Under a scorching sun, families pose for photos in front of this castle, one of the country’s most important historical monuments, which sits atop a small hill on a peninsula in the artificial Lake Assad, near 50 km from Raqqa.

Although he lives less than an hour from the citadel, Abdallah al-Jaber took his children for a first visit this June.

“Their dream was to see Jabaar Citadel,” the 41-year-old said, adding that he often showed them pictures of the monument hoping they could visit it together one day.

The citadel — which dates from the Seljuk and Mamluk periods — has 35 bridges and a mosque as well as a museum.

Since the beginning of the summer, the castle has been attracting increasing numbers of visitors, as security has been tightened in recent years.

After a meteoric rise in power of the IS in Iraq and Syria in 2014 and the conquest of vast territories, the jihadist group saw its self-proclaimed “caliphate” being overthrown under the blow of successive offensives in these two countries.

In 2017, US-backed Kurdish fighters took over the stronghold of the ultra-radical organization which used its strategic location to launch attacks and to monitor the largest prison it controlled at the time in Syria.

– Popular destination –

IS had dug trenches near the castle which it used “to train child soldiers”, said Mohammad, a 45-year-old Raqa resident who asked to use a pseudonym for security reasons.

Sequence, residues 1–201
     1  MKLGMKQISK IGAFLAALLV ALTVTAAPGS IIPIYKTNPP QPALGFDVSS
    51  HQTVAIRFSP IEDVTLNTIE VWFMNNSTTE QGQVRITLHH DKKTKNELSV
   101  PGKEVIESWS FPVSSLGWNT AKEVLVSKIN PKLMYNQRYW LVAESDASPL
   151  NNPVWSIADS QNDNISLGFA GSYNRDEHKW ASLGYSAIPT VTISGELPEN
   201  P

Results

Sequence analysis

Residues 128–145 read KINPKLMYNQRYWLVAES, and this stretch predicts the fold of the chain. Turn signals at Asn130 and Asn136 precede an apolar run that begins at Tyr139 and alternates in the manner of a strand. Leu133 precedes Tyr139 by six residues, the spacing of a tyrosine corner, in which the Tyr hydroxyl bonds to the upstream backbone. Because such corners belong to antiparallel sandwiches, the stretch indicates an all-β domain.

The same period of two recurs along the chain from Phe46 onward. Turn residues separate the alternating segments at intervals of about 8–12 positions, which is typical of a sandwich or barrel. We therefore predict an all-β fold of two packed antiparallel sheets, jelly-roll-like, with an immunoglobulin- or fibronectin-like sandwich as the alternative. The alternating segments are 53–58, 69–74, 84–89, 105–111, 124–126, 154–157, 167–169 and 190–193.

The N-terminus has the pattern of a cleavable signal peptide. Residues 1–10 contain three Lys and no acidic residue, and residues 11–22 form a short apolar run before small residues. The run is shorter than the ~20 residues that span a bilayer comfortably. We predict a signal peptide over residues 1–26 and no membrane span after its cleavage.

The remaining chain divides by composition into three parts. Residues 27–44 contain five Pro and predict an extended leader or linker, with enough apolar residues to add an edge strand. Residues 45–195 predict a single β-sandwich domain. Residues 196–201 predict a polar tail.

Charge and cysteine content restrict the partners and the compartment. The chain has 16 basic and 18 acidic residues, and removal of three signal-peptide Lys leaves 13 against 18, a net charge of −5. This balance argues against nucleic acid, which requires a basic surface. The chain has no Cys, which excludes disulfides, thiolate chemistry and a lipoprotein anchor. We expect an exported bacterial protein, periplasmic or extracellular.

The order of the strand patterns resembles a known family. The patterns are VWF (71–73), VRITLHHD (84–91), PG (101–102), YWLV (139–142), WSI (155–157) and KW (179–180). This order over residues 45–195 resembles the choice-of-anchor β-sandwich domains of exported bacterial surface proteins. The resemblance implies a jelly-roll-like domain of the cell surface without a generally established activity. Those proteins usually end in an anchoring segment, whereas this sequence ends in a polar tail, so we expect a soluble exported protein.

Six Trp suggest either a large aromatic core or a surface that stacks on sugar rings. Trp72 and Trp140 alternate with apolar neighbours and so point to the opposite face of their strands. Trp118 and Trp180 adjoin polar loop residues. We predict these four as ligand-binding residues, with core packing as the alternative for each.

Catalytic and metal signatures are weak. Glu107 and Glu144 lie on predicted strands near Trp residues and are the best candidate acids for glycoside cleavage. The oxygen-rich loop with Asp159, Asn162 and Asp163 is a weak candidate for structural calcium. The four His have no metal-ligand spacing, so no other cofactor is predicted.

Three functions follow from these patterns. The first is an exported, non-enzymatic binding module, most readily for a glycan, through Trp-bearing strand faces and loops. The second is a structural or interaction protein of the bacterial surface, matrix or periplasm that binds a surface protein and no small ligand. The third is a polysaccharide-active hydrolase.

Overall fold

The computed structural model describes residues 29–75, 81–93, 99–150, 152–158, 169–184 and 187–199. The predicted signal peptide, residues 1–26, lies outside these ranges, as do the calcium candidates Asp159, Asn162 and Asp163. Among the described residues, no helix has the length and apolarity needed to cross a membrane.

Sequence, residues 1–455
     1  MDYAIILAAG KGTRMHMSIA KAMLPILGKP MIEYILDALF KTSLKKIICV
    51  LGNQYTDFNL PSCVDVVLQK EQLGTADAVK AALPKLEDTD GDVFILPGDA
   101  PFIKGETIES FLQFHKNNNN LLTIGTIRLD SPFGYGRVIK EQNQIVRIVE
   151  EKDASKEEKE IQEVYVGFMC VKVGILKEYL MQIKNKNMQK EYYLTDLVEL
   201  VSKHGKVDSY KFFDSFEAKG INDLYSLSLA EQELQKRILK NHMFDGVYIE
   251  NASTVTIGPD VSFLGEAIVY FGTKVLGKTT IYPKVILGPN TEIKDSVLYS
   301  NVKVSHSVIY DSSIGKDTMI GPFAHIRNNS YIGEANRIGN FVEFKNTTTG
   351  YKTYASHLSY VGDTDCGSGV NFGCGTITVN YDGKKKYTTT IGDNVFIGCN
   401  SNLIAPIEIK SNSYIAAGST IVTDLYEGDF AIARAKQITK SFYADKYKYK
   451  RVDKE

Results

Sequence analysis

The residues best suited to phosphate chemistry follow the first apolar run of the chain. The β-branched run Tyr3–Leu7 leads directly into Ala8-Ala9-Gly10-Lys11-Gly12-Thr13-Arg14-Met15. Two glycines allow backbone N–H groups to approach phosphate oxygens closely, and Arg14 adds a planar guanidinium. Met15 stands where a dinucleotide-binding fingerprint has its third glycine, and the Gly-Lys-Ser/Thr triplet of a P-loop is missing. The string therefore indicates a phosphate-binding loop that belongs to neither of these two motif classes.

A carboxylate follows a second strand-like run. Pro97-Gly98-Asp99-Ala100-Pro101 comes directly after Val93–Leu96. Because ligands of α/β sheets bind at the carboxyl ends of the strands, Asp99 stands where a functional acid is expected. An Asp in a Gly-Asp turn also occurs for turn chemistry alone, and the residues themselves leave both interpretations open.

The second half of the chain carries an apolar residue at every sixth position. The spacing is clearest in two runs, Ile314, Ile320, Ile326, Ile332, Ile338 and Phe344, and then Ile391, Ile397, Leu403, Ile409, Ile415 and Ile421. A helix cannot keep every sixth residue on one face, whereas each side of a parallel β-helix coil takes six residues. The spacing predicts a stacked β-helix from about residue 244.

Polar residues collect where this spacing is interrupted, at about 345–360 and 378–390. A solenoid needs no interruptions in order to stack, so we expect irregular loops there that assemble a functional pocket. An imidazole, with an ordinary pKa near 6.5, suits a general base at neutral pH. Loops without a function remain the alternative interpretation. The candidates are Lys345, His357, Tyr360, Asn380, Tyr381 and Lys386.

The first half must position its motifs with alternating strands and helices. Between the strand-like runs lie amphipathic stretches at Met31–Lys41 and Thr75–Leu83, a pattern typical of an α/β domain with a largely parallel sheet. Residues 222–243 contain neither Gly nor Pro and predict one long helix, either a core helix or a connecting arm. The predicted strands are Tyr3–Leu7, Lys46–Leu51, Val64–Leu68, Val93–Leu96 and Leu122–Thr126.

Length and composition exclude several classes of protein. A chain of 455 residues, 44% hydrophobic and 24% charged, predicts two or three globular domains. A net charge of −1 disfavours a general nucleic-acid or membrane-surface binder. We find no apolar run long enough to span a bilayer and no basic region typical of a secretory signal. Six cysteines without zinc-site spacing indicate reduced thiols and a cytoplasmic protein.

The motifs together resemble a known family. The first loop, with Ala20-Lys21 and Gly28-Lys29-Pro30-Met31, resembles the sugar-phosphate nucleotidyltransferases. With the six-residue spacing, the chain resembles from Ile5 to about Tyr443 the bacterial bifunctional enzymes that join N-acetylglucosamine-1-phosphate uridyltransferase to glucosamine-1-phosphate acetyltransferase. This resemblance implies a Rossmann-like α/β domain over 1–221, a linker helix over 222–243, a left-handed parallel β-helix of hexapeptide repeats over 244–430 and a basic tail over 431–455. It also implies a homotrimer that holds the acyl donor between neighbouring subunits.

“Residents were banned from visiting at the time since this area was a military zone,” he continues. “But the situation has improved today.”

Boat trips and picnics on the sandy shores of Lake Assad — formed by the Tabqa Dam on the Euphrates — have made the citadel a popular destination for Syrian families.

Near the imposing walls of the citadel, young men gather to smoke hookahs in the shade to the tunes of Arabic music.

Radwan Kahawati said he came from the coastal city of Latakia (northwest), five hours by car, to visit the citadel with his family.

“We came here for tourism and for a change of scenery,” he told AFP.

“My daughter said to me: Take us to Jaabar”, because she heard about it at school, he adds.